Noah Lyles on Winning Bronze After Tough Year: 'Just Because I'm Struggling Doesn't Mean I'm Going to Quit'

Track and field athlete Noah Lyles was competing in an Olympic Games for the first time when he won a bronze medal

After Noah Lyles won his bronze Olympic medal in the men's 200m last week, he was emotional.

Lyles, 24, had grappled with his mental health throughout 2020 amid the postponement of the Tokyo Games and the murder of George Floyd in America, the track and field athlete told reporters in Japan.

He said he started — and then stopped — taking anti-depressants in 2020, which affected his performance, according to The Washington Post.

Asked by PEOPLE in an interview about how he pushed through to make it to the Olympic podium, Lyles — who was speaking in his capacity as an OMEGA ambassador at the watch brand's on-site space in Tokyo — says, "Short answer is, I have a great team."

"They are very supportive and always looking out for me, even when I don't see it," Lyles continues. "And then the second thing is, now I'm a fighter. And that's how I made it this far, in fact. Just because I'm struggling doesn't mean that I'm going to quit."

Lyles, a first-time Olympian, says he's "very adamant that I don't believe in really giving up or failing is not succeeding. It's when you have completely stopped and give it up and not give your all."

Noah Lyles
Noah Lyles. Jean Catuffe/Getty Images

The sprinter's candor about his mental health is in line with many of the athletes at this year's Games. Naomi Osaka returned to elite tennis in Japan after a two-month break as she revealed a battle with depression, and gymnast Simone Biles opted out of all but one of her individual events as she prioritized mental wellness while dealing with the onset of the "twisties."

"It definitely is a moment where a lot of people can look back and say, 'Oh, these athletes actually have feelings,' " Lyles told reporters during the OMEGA chat. "Because I've been very vocal of, I'm a human being, I'm not a superhero, I have feelings, I have emotions."

"Just because I go out there and run fast doesn't mean that I don't come home and hurt and get tired and want to go have fun," he said.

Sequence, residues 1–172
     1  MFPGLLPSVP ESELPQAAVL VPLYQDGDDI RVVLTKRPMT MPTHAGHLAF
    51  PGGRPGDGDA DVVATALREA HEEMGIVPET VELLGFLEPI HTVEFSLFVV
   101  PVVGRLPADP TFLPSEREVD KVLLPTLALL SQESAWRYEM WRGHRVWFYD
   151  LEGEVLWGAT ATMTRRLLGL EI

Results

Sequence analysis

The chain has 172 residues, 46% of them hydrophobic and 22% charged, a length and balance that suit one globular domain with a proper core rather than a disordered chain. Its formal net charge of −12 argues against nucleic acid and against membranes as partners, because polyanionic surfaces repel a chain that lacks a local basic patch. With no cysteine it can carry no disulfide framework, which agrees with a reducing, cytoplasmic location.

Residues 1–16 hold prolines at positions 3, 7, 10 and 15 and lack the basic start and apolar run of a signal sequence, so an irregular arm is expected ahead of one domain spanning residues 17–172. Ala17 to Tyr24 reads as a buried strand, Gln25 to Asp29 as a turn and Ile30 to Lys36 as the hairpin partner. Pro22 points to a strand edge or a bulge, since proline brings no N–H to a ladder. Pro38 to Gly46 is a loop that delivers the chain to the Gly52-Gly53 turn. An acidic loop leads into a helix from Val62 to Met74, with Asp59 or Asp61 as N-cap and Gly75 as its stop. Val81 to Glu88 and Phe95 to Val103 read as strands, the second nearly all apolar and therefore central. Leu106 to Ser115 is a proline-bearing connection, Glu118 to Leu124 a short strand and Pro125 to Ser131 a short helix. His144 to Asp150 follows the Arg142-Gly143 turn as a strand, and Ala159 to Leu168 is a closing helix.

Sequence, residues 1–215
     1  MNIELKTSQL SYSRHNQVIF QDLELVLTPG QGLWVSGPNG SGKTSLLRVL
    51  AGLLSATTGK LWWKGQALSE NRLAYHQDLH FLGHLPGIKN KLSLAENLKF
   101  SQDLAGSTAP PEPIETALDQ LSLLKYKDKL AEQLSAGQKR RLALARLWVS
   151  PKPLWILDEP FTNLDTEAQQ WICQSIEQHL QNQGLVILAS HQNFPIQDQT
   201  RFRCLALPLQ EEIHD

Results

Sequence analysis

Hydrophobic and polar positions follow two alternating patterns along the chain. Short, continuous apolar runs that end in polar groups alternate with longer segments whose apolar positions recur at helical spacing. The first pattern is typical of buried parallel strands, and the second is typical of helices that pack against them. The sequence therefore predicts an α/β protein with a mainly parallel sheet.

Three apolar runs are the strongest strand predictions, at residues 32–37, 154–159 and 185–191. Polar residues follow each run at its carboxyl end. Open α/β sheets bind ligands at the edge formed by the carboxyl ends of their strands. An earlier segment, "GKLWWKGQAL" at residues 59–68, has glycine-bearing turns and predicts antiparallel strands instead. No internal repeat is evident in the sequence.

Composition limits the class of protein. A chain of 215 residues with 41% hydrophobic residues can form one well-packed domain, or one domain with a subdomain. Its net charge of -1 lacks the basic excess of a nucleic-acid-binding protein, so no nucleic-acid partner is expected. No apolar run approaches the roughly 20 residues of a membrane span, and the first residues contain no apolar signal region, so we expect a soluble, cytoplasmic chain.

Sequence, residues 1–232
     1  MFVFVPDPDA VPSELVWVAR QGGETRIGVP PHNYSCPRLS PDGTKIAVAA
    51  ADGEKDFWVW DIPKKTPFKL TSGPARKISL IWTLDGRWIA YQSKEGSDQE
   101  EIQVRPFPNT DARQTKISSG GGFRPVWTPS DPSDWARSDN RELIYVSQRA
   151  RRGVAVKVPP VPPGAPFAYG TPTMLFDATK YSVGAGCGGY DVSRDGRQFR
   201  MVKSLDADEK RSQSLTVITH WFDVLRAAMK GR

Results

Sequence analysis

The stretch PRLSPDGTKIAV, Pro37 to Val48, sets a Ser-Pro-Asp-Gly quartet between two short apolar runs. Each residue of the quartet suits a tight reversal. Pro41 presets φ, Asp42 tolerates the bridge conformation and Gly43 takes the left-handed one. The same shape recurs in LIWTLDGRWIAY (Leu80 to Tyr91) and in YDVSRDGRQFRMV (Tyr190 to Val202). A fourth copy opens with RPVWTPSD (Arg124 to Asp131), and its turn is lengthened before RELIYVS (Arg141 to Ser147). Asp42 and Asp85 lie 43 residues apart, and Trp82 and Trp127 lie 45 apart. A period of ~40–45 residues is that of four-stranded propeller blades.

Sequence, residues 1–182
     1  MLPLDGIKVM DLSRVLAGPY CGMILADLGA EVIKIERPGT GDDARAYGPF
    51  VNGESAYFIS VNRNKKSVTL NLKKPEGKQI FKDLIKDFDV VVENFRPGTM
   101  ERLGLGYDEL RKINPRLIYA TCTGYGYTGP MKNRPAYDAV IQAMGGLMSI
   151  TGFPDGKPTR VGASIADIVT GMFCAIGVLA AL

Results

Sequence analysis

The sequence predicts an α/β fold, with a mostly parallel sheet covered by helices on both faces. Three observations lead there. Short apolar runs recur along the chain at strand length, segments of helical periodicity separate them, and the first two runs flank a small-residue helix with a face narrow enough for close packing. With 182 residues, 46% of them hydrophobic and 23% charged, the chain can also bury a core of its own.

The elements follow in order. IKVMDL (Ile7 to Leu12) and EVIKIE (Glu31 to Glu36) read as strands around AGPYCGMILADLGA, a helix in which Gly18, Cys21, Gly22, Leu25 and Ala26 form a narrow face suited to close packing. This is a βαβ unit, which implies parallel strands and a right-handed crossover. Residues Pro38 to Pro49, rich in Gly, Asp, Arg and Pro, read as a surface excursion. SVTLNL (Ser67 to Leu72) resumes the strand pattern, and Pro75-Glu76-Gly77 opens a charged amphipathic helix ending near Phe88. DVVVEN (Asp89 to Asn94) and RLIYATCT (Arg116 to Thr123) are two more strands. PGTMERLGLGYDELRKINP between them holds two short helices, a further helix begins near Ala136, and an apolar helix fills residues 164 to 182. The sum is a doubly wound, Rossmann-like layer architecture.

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Athletes, Lyles said, often get put on a "humongous pedestal" when "in all actuality, we all have gifts and abilities, and it's just we found our ability and we honed it, really worked at it. But anybody can do that. Finding your gift and honing it and putting all into it. You can do that. And of course, sometimes some gifts are praised more than others, but that doesn't mean it's less important."

Speaking with reporters immediately after his medal-winning 200m run on Aug. 4, Lyles also got emotional to the point of tears about sharing his Olympic dream with his brother, fellow elite track and field athlete Josephus Lyles, who did not make Team USA for these Games, the Washington Post reported.

Noah tells PEOPLE at OMEGA that there's "not a day" he doesn't remember Josephus "being there."

He says, "We've been together, forever. And we've now grown on this journey of making the Olympic team together. We were planning to go and make it in 2016. I got fourth. Unfortunately, he got injured that year. And then we came into 2021 and he only made to the semifinals."

With family members also not allowed to attend the Games due to the coronavirus pandemic, "it's been very hard," Noah admits (though, he laughs, his mom has been calling him "three times a day.").

"I know that I miss sharing moments with them, especially right now, which is probably one of the bigger moments of my life. And I know they miss me too," he says. "So it's definitely something that you want to share a moment like this, have somebody to attach to and be like, 'We did this. We've been through the journey together.' "

To learn more about Team USA, visit Watch the Tokyo Olympics now on NBC.

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